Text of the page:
Exit Velocity - Tape-measure shots were not a part of Zimmer's package in his rookie year, when he cleared the fence eight times. It was the velocity at which baseballs left his bat that jumped out.
On July 25, Zimmer unloaded on a pitch from Jesse Chavez of the Angels, sending it out to center at Progressive Field at 112.2 mph. That blast -- his first career grand slam -- marked the hardest-hit regular-season home run by an Indians batter since Statcast™ began in 2015. It narrowly edged out a 112.1-mph shot from Francisco Lindor on Sept. 30, 2016.
Zimmer also boasts the hardest-hit ball of any kind for a Cleveland hitter since Statcast™ launched (regular season or playoffs). That was a 114.6-mph double off Sonny Gray on May 30 last summer. Zimmer has actually recorded three of the 10-fastest exit velocities in the past three seasons for an Indians batter. Last year, he also led the Tribe (min. 150 batted ball events) with 30.5 percent (62 of 203) of recorded balls in play having an exit velocity of at least 100 mph.
Arm Strength - For nearly three months last season, Zimmer owned the hardest thrown outfield assist in the Majors. Brett Phillips of the Brewers stole the crown with a 104-mph assist on Sept. 13, pushing Zimmer down a peg. Those two stood tall when it came to powerful throws among outfielders.
Zimmer's 101.5-mph assist on June 18 -- a low laser that skipped over the mound and arrived in catcher Roberto Perez's glove in time to halt Max Kepler from scoring -- was actually his second-hardest recorded throw of the year. He also had a throw clocked at 102.5 mph on July 31.
Statcast registered 18 throws from outfielders at 100 mph or faster last season. Zimmer led the way with five of those throws, with Phillips coming in second with four. Overall in 2017, Zimmer had three of the seven-hardest throws, 6 in the Top 20, and 8 in the Top 25. (J Bastian - MLB.com - Jan 4, 2018)
Feb 25, 2020: Bradley Zimmer is appreciating every moment he’s given on the field now that he’s healthy. Zimmer was held out as the Indians scored a 10-2 victory over the White Sox at Goodyear Ballpark. He saw his first game action of the spring against the Rockies. It’s been a long wait for the outfielder, who has spent a lot of time at the team’s training facility in Arizona since his shoulder surgery in July 2018.
“It's not fun,” Zimmer said. “Like I said, I wish injuries upon nobody just because it's not a good time. Being in here in this locker room with nobody else is tough. I think I really believe it makes you tougher. You go through those times and appreciate your health a touch more and work even harder. I think I took a lot of positives away from it.”
After going through his shoulder rehab, Zimmer suffered a setback with an oblique strain that kept him sidelined until mid-August last season, 2019. When he returned, he made some changes to his batting stance, but spent the offseason rediscovering his comfort spot at the plate. Even though the Indians wanted him to play winter ball over the offseason and he chose not to, Zimmer put in a lot of work at the team’s swing camps in Cleveland and on his own after a quick three-week break at the end of the season to be prepared for 2020.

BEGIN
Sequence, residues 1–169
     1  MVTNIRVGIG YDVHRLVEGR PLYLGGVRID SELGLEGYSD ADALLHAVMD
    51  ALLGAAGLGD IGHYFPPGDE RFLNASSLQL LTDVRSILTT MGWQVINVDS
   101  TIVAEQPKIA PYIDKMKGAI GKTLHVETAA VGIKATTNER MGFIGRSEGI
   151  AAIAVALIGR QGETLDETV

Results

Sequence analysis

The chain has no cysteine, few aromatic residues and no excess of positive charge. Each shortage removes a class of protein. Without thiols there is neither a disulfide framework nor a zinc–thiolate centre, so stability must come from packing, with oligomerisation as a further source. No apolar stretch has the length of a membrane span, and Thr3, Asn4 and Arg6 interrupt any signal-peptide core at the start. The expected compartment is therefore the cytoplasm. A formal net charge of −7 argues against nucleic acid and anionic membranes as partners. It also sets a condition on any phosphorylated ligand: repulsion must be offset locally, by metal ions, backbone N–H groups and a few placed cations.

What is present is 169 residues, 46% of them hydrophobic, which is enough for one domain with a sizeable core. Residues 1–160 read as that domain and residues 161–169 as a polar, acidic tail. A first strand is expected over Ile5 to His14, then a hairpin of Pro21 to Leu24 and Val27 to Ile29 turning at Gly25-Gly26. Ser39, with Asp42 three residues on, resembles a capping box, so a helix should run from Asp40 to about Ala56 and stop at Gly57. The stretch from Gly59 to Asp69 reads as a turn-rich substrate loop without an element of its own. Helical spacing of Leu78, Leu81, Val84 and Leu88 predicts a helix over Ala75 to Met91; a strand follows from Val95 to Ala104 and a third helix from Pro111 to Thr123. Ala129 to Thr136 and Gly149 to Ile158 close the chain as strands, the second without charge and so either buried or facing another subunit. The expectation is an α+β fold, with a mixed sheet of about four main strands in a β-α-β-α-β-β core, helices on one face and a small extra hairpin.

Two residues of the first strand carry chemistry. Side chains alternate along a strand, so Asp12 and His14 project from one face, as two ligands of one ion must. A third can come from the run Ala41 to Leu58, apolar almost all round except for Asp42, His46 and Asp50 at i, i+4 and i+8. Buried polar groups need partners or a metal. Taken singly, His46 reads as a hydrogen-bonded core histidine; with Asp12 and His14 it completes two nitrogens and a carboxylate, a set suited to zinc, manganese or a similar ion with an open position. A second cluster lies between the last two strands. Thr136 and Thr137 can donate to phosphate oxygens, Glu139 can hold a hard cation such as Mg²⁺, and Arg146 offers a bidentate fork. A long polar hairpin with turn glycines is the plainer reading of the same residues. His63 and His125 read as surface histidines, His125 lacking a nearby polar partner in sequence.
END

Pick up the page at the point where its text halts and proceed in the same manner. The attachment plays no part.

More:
“I think we talked about it and found a middle ground,” Zimmer said. “It was just being injured and playing still injured at the end of the year, I needed time to get my body and mind right. It was not where I wanted to be at. It was a huge benefit and moving forward, I have no regrets with that and I think they're on the same page for me. I'm looking forward to this year.” (M Bell - MLB.com - Feb 25, 2020)
May 12, 2021: Royals pitcher Kyle Zimmer was thrilled when his brother, Bradley, was selected in the first round of the 2014 draft. But Kyle Zimmer also knew there was a chance he and his brother would face off in a game at some point.
That’s because Bradley was selected by Cleveland two years after Kyle was drafted by the Royals, meaning they would be division rivals Both players have had their ups and downs, with Bradley bouncing between the majors and minors the last five seasons The Clippers are Cleveland’s Triple-A affiliate and the big Zimmer vs It was something their mother, Cathy, had dreaded In a story last year by Alec Lewis and Zack Meisel of the Athletic, Cathy was asked about a potential matchup between her sons “I think I’ll have a knot in my stomach and feel all kinds of anxiety, because I’ll feel really bad for the one that comes out on top,” she said Mom should be happy with how things turned out Wednesday night Kyle came on in relief in the eighth inning and struck out the first batter That’s when Bradley stepped to the plate and fell behind 1-2 The out was recorded before the runner on second scored, so Kyle didn’t allow a run, and Bradley got a hit
That’s because Bradley was selected by Cleveland two years after Kyle was drafted by the Royals, meaning they would be division rivals.
Both players have had their ups and downs, with Bradley bouncing between the majors and minors the last five seasons. Kyle Zimmer has spent the past three seasons with the Royals, but he’s currently on a rehab assignment at Triple-A Omaha, which played at Columbus on Wednesday night.
The Clippers are Cleveland’s Triple-A affiliate and the big Zimmer vs. Zimmer moment finally happened.
It was something their mother, Cathy, had dreaded.
In a story last year by Alec Lewis and Zack Meisel of the Athletic, Cathy was asked about a potential matchup between her sons.
“I think I’ll have a knot in my stomach and feel all kinds of anxiety, because I’ll feel really bad for the one that comes out on top,” she said. “I want them both to do well.”
Mom should be happy with how things turned out Wednesday night.
Kyle came on in relief in the eighth inning and struck out the first batter. He then got into a bit of a jam by walking a pair of Clippers players before getting a big strikeout.
That’s when Bradley stepped to the plate and fell behind 1-2. He then stroked a single to left field and the throw to third base caught the runner who had been on first.
The out was recorded before the runner on second scored, so Kyle didn’t allow a run, and Bradley got a hit. See? Mom has to be happy. (Pete Grathoff)